More recent claims have stated that supplementation with whey protein concentrates (WPC's) may help AIDS patients maintain body weight and in some cases limit wasting syndrome. In a pilot study WPC's were given to a population consisting of 14 AIDS infected children (ages 8 months-15 years) in an attempt to limit determine the efficacy of daily oral dietary ingestion of whey proteins. They found no toxic side effects and an average weight gain of 3.2 - 18% from their entrance weight(54).
A. Robert Neurath M.D. and his colleagues at the Laboratory of Biochemical Urology at Lindsley F. Kimball Research Institute of the New York Blood Centers has reported that a modified version of protein extracted from whey blocked the aids virus from infecting cells in vitro(55). In their National Institutes of Health sponsored study the scientists modified beta- lactoglobulin to produce a substance referred to as B69. They reported that B69 latched onto a protein structure called CD4 on the surface of cells which kept the aids virus from using this site as an entryway into the cell.
Newarth further hypothesized that if additional results with B69 were promising, the compound may be formulated into a cream or foam that could be dispensed within condoms to limit the transmission of the virus.
Dr. Jefferey Laurance, an AIDS researcher at Cornell Medical College, however, urges caution regarding B69 developments. He states that HIV can infect some cells , including rectal and vaginal cells, without using the CD4 site as an entryway.
In summary, animal studies have yielded promising reports regarding prolonged life spans of infected animals in the laboratory, while theoretical data(56) and initial clinical observations in humans have produced evidence that dietary supplementation with WPC's can provide definite benefits to the HIV infected individual. Further research, however, is warranted in this area.
1 Choi, MJ. and Mangino, M.. The Effect of Pre-heating Conditions on the Gelation of Whey Proteins. Preliminary Report. Preprint. pgs 1-11, 1997.
2 Collins, K.. Is Whey Good for You? How do Cooking Oils Differ? Medical Tribune News Service, 1997.
3 Exports and Imports of Whey products. Statistics, Canada, Dairy Section, AAFC, 1997.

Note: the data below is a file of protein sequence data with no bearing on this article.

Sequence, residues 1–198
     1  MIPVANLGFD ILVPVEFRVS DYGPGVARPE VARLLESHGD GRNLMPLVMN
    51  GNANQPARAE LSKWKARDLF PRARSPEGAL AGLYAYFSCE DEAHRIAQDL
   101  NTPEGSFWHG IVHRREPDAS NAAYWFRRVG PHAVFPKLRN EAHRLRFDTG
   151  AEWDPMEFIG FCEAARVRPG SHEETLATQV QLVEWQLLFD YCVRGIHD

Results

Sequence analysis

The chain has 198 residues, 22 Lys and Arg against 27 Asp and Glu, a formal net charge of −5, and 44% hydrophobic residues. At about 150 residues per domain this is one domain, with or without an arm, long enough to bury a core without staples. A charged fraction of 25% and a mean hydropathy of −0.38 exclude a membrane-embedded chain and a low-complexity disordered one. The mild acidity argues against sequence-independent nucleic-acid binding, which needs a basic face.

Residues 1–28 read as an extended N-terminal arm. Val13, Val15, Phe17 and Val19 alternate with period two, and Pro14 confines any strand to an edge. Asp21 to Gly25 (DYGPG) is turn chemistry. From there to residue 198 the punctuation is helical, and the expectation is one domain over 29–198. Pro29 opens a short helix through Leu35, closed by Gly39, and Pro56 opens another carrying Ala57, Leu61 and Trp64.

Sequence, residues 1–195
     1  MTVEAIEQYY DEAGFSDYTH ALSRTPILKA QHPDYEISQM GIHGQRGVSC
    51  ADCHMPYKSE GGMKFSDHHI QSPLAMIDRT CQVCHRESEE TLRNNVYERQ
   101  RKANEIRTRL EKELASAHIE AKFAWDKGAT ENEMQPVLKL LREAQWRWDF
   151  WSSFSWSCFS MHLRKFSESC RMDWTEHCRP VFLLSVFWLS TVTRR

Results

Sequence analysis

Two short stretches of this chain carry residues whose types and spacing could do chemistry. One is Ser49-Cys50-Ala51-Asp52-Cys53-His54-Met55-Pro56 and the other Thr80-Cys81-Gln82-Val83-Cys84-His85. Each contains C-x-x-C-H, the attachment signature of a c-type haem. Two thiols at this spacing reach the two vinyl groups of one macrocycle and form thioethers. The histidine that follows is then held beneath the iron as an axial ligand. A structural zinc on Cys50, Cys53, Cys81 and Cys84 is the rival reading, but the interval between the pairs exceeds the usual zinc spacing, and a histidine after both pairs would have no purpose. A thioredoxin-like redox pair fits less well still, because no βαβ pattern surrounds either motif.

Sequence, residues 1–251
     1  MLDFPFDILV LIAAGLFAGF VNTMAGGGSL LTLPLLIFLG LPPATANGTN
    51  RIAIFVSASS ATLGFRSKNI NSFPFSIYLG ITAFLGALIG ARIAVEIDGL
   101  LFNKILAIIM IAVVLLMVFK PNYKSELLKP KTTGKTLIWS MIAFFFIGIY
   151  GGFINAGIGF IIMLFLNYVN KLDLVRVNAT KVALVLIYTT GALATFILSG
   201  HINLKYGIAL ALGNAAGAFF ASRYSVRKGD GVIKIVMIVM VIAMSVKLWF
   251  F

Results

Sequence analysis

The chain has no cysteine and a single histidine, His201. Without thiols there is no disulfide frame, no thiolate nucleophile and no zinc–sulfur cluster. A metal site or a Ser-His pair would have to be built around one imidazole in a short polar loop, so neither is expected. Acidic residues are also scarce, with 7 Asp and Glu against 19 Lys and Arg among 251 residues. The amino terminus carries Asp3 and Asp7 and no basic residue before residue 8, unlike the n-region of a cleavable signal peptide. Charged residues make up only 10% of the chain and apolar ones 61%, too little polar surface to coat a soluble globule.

4 1 Nutrition, Frequently Asked Questions.AST Research Communique, 1997.
5 Rathburn, WB. Glutathione in Ocular Tissues. 469-510.
6 Rathburn, WB. Gutathione Metabolism int the Mammalian Ocular Lens. 194-206.
7 Reddy, VN. Glutathione and its Function in the Lens - An Overview. Exp Eye Res.50:771-778, 1990.
8 Hockwin, O. and Korte, I.Role of Glutathione in the Aging Process of the Lens. 207-214.
9 Pau, H., Graf, P., and Sies, H.Glutathione Levels in Human Lens: Regional Distribution in Different Forms of Cataract. Exp Eye Res 45: 17-20, 1990.
10 Harding, JJ. Free and Protein-Bound Glutathione in Normal and Cataractous Human Lenses. Biochem J. 117, 957-960, 1970.
11 Kannan, R., Yi, JR., Tang, D., Zlokovic, BV., Kaplowitz, N.. Identifcation of a Novel, Sodium-Dependent, Reduced Glutathione Transporter in the Rat Lens Epithelium. Invest Ophthalmol. Vis Sci 37:11: 2269-2275, 1996.
12 Rathburn, WB., and Murray, DL. Age-related Cysteine Uptake as Rate-limiting in Glutathione Synthesis and Glutathione Half-life in the Cultured Human Lens. Exp Eye Res. 53: 205-212, 1991.
13 Lou, MF., Dickerson Jr., JE., Garadi, R., and York Jr., BM.Glutathione Depletion in the Lens of Galactosemic and Diabetic Rats. Exp Eye Res 38:517-530, 1988.
14 Spector, A., Wang GM., and Wang, RR..Photochemically Induced Cataracts in Rat Lenses can be Prevented by AL-3823A, a Glutatthione Peroxidase Mimic. Proc. Natl. Acad. Sci. USA 90: 7485-7489, 1993.
15 Creighton, MO., and Trevithick, JR..Cortical Cataract Formation Prevented byVitamin E and Glutathione. Exp Eye Res. 29: 689-693, 1979.
16 Maitra, I., Serbinova, E., Trishler, H., and Packer, L.. Alpha-lipoic acid Prevents Buthionine Sulfoximide-induced Cataract Formation in Newborn Rats. Free Radical Biology and Medicine 18:4: 823-829, 1995.
17 Spector, A. Oxidation and Cataract.Symposium Paper. 1984 Human Cataract Formation. Ciba Foundation Symposium 106, 48-64, 1984.
18 Spector, A., Wang, GM., Wang, RR., Li, WC., and Kuszak, JR.. A Brief PhotochemicallyInduced Oxidative Insult Causes Irreversible Lens Damage and Cataract I. Transparency and Epithelial Cell Layer. Exp Eye Res. 60: 471-481, 1995.
19 Spector, A., Wang, GW., Wang, RR., Li, WC., and Kleiman, NJ.. A Brief Photchemically Induced Oxidative Insult Causes Irreversible Lens Damage and Cataract II. Mechanism of Action. Exp Eye Res. 60: 483- 493, 1995.
20 Spector, A.. The Search for a Solution to Senile Cataracts Proctor Lecture. Invest Oph. and Vis Sci. 25: 130-146, 1984.
21 Li, WC., and Spector, A.. Lens Epithelial Cell Apoptosis is an Early Event in the Development of UVB-induced Cataract. Free Radical Biology and Medicine 20:3: 310-311, 1996.
22 Li, WC., Wang, GM., Wang, RR., and Spector, A.. The Redox Active Components of H2O2 and N-Acetyl-L-Cysteine Regulate Expression of c-jun and c-fos in Lens Systems. Eye Exp Res. 59:179-190, 1994.
23 Spector, A., Wang, GM., Wang, RR., Garner, WH., Moll, H.. The Prevention of Cataract Caused by Oxidative Stress in Cultured Rat Lenses. I H2O2 and Photochemically Induced Cataract. Curr Eye Res. 12:2: 163-179, 1993.